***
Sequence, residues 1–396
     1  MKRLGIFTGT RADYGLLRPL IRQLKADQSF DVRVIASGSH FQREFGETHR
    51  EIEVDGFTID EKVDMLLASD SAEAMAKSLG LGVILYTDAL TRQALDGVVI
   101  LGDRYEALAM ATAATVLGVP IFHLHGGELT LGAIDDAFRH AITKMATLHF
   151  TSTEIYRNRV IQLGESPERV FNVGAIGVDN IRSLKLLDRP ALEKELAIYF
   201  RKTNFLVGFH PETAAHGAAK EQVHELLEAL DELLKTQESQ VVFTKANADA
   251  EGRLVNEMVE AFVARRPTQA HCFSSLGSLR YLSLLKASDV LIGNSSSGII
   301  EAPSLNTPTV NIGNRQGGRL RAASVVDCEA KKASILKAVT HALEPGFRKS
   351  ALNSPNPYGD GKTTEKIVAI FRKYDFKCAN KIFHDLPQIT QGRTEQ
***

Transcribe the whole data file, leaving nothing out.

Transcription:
Sequence, residues 1–396
     1  MKRLGIFTGT RADYGLLRPL IRQLKADQSF DVRVIASGSH FQREFGETHR
    51  EIEVDGFTID EKVDMLLASD SAEAMAKSLG LGVILYTDAL TRQALDGVVI
   101  LGDRYEALAM ATAATVLGVP IFHLHGGELT LGAIDDAFRH AITKMATLHF
   151  TSTEIYRNRV IQLGESPERV FNVGAIGVDN IRSLKLLDRP ALEKELAIYF
   201  RKTNFLVGFH PETAAHGAAK EQVHELLEAL DELLKTQESQ VVFTKANADA
   251  EGRLVNEMVE AFVARRPTQA HCFSSLGSLR YLSLLKASDV LIGNSSSGII
   301  EAPSLNTPTV NIGNRQGGRL RAASVVDCEA KKASILKAVT HALEPGFRKS
   351  ALNSPNPYGD GKTTEKIVAI FRKYDFKCAN KIFHDLPQIT QGRTEQ